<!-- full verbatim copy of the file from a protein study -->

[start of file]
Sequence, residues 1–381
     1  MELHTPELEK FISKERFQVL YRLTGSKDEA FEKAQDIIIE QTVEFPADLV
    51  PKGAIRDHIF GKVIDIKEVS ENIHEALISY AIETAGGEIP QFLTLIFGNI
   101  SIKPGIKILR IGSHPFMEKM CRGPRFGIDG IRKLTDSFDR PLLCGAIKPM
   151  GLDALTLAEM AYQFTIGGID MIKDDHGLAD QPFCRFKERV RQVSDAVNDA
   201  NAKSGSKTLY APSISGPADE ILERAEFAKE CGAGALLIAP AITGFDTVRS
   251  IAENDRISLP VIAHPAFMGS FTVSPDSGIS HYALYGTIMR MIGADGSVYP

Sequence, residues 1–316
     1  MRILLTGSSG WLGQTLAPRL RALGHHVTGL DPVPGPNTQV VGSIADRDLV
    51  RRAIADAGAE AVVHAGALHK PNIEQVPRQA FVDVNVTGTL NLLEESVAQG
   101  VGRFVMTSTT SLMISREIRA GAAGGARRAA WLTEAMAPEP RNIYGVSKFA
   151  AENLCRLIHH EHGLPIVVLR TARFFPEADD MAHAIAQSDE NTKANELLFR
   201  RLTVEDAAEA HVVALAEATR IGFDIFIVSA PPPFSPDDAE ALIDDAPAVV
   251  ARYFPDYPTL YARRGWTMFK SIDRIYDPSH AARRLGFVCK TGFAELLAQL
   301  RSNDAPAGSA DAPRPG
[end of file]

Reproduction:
Sequence, residues 1–381
     1  MELHTPELEK FISKERFQVL YRLTGSKDEA FEKAQDIIIE QTVEFPADLV
    51  PKGAIRDHIF GKVIDIKEVS ENIHEALISY AIETAGGEIP QFLTLIFGNI
   101  SIKPGIKILR IGSHPFMEKM CRGPRFGIDG IRKLTDSFDR PLLCGAIKPM
   151  GLDALTLAEM AYQFTIGGID MIKDDHGLAD QPFCRFKERV RQVSDAVNDA
   201  NAKSGSKTLY APSISGPADE ILERAEFAKE CGAGALLIAP AITGFDTVRS
   251  IAENDRISLP VIAHPAFMGS FTVSPDSGIS HYALYGTIMR MIGADGSVYP

Sequence, residues 1–316
     1  MRILLTGSSG WLGQTLAPRL RALGHHVTGL DPVPGPNTQV VGSIADRDLV
    51  RRAIADAGAE AVVHAGALHK PNIEQVPRQA FVDVNVTGTL NLLEESVAQG
   101  VGRFVMTSTT SLMISREIRA GAAGGARRAA WLTEAMAPEP RNIYGVSKFA
   151  AENLCRLIHH EHGLPIVVLR TARFFPEADD MAHAIAQSDE NTKANELLFR
   201  RLTVEDAAEA HVVALAEATR IGFDIFIVSA PPPFSPDDAE ALIDDAPAVV
   251  ARYFPDYPTL YARRGWTMFK SIDRIYDPSH AARRLGFVCK TGFAELLAQL
   301  RSNDAPAGSA DAPRPG